Aronian takes 2012 Tata tourney!

GM Levon Aronian (Armenia)
2012 Tata Steel Champion
Photo by Fred Lucas.

Levon Aronian of Armenia continues his string of career successes by adding yet another accolade. The 2012 Tata Steel at Wijk aan Zee was a powerhouse tournament with the strongest assembly of players the tournament has seen to date. Certainly, the majority of chess fans had chosen Magnus Carlsen as the consensus favorite, but there were many candidates including the reigning champion, Hikaru Nakamura and a slew of contenders such as veterans Vassily Ivanchuk and Boris Gelfand and rising stars Fabiano Caruana and home favorite Anish Giri. Rising start Teimour Radjabov was also in the running until the last round. As it were, the two played a rather peaceful game in the last round to clinch the title for Aronian. All the build-up over the old Armenian-Azerbaijan controversy was anti-climatic.

Aronian-Radjabov would only take 12 minutes to decide. Photo by Frits Agterdenbos (www.chessvista.com).

Aronian-Radjabov would only take 12 minutes to decide.
Photo by Frits Agterdenbos (www.chessvista.com).

Typically in long tournaments, players try to pace themselves and plan wisely. It is not uncommon for a player to win this tournament with +3 or +4, but +5 would almost certainly fetch gold. Aronian paced the field with seven wins and played dynamically throughout the tournament with several nice wins including a spectacular finish against Giri. The Armenian was able to fend off Carlsen after both were deadlocked after eight rounds. In the end, Aronian showed more stability than his pursuers and his victory was well deserved.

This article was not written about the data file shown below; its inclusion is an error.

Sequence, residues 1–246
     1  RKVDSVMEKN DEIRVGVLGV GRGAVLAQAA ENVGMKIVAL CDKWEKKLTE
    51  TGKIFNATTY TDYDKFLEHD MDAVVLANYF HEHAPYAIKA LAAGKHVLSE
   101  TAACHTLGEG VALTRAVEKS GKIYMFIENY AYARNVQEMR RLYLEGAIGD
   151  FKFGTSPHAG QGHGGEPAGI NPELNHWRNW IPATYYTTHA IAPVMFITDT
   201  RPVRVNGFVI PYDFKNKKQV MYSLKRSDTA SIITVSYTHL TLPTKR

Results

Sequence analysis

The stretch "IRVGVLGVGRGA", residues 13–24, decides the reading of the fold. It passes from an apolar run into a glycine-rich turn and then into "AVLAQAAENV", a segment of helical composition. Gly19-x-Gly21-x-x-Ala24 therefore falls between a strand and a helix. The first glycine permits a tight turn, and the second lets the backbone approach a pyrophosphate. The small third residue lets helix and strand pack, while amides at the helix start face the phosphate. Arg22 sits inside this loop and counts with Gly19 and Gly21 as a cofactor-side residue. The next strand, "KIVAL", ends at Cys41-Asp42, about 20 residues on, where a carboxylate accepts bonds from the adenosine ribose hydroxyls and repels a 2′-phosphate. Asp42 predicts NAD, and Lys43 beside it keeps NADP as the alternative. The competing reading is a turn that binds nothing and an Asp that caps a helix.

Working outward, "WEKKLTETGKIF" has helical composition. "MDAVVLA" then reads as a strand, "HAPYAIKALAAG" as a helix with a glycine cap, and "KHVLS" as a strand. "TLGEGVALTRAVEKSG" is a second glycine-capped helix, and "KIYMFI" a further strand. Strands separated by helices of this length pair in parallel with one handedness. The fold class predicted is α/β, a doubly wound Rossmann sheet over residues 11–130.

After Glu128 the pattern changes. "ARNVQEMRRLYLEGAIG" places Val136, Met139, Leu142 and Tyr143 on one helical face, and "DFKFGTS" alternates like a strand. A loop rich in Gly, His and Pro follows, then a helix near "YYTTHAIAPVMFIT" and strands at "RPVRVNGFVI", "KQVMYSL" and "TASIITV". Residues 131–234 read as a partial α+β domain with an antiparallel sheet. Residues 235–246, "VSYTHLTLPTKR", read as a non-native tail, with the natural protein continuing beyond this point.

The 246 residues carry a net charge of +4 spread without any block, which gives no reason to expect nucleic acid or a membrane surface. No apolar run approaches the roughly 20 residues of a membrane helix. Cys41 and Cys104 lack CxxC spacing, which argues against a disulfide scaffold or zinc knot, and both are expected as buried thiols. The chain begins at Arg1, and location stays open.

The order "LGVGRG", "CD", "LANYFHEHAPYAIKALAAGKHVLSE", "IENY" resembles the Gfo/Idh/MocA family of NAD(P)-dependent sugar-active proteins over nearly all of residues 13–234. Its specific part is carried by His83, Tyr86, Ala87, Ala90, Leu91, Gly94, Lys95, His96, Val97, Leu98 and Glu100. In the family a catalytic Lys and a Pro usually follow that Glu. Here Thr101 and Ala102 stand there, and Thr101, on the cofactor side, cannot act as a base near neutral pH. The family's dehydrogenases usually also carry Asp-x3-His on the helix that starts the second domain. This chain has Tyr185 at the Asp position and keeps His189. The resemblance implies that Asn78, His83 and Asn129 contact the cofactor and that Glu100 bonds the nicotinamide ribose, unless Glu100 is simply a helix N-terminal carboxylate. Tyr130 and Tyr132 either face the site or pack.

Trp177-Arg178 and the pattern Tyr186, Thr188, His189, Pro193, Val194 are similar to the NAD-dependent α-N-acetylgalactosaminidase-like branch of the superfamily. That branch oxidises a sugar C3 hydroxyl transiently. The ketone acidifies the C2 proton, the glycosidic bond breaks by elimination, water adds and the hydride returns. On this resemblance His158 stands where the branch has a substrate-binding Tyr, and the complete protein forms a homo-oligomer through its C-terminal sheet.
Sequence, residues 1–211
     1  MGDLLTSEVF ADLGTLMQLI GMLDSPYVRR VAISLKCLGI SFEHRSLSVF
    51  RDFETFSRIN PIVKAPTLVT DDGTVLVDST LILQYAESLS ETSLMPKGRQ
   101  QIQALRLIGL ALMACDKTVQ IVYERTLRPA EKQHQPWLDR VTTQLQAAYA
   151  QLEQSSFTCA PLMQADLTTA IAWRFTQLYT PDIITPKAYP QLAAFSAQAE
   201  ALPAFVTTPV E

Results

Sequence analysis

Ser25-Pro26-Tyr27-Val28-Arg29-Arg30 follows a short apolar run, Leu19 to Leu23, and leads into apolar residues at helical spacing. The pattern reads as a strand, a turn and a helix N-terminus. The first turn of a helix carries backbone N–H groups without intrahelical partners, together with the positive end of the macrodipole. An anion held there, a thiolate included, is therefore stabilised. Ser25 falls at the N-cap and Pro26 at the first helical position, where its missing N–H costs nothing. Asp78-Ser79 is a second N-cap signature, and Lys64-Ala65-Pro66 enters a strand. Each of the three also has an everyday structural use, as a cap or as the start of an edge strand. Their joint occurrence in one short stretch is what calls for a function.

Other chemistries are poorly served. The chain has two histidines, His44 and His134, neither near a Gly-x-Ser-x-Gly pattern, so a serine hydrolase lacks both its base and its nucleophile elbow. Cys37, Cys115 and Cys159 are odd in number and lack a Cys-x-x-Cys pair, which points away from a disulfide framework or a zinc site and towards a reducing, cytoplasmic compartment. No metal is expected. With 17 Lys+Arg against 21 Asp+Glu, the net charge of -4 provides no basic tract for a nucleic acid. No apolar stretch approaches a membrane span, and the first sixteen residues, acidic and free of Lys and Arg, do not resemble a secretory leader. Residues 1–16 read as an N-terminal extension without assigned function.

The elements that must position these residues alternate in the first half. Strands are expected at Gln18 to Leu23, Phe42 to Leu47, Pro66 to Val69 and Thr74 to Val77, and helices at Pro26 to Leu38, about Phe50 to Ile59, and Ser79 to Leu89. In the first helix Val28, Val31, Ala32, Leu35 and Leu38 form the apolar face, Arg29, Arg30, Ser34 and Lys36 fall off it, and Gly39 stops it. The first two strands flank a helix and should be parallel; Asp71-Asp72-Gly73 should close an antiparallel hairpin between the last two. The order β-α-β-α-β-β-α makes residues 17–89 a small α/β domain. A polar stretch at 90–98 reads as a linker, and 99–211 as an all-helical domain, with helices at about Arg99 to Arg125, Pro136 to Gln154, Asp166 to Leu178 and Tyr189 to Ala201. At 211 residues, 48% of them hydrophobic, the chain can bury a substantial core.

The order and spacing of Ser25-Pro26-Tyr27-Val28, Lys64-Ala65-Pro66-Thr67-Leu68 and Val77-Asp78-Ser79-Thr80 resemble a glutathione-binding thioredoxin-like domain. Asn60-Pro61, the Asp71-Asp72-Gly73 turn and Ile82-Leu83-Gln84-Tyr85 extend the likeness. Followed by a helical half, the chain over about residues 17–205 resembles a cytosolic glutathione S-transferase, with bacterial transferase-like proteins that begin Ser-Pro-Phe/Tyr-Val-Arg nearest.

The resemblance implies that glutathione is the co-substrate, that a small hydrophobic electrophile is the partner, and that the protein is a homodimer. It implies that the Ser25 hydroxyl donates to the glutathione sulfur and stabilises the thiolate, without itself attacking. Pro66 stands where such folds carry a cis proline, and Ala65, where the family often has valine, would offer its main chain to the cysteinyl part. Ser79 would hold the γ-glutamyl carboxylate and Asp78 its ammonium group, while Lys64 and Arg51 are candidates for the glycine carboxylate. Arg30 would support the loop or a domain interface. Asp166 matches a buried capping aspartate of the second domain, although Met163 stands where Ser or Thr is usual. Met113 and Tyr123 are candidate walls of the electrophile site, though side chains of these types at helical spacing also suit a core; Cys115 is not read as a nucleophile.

Official Site: https://www.tatasteelchess.com/
Drum Coverage: https://www.thechessdrum.net/

Photos: Frits Agterdenbos of ChessVista

Daaim Shabazz

Daaim Shabazz is the founder of The Chess Drum, while serving as a tenured faculty member of Global Business & Marketing at Florida A&M University in Tallahassee, Florida, USA. He holds a B.S. Computer Science from Chicago State University, an MBA in Marketing and a Ph.D. in International Affairs & Development, both from Clark Atlanta University. He has served the journalist community for more than 30 years and still competes in tournaments occasionally.

6 Comments

  1. Whoever wins the world championship, there is going to be a lot of suspense in the air because everybody will still be talking about Aronian and Carlsen. And if Gelfand actually beats Anand, it will be even worse.

  2. I wonder what kind of hit Anish Giri is going to take to his rating by losing 5 consecutive games in this tourney.

    1. I was surprised at his losing those games. In some of them, he was clearly not himself. It’s hard because he is so young and it is easy to start questioning yourself. I’ll try to post an interview of him.

    2. According to 2700chess.com, Giri’s new rating is expected to be 2717 after Wijk aan Zee.

      Yes, those five consecutive losses hurt. However, in the preceding 12 games before that rough patch, Giri had scored 9.5 points.

  3. thanx. It’s weird though. He was rated 2714 at the start of the tourney and ends up gaining 3 points. His rating must’ve improved enough before the losing streak to compensate for the impending 5 loses.

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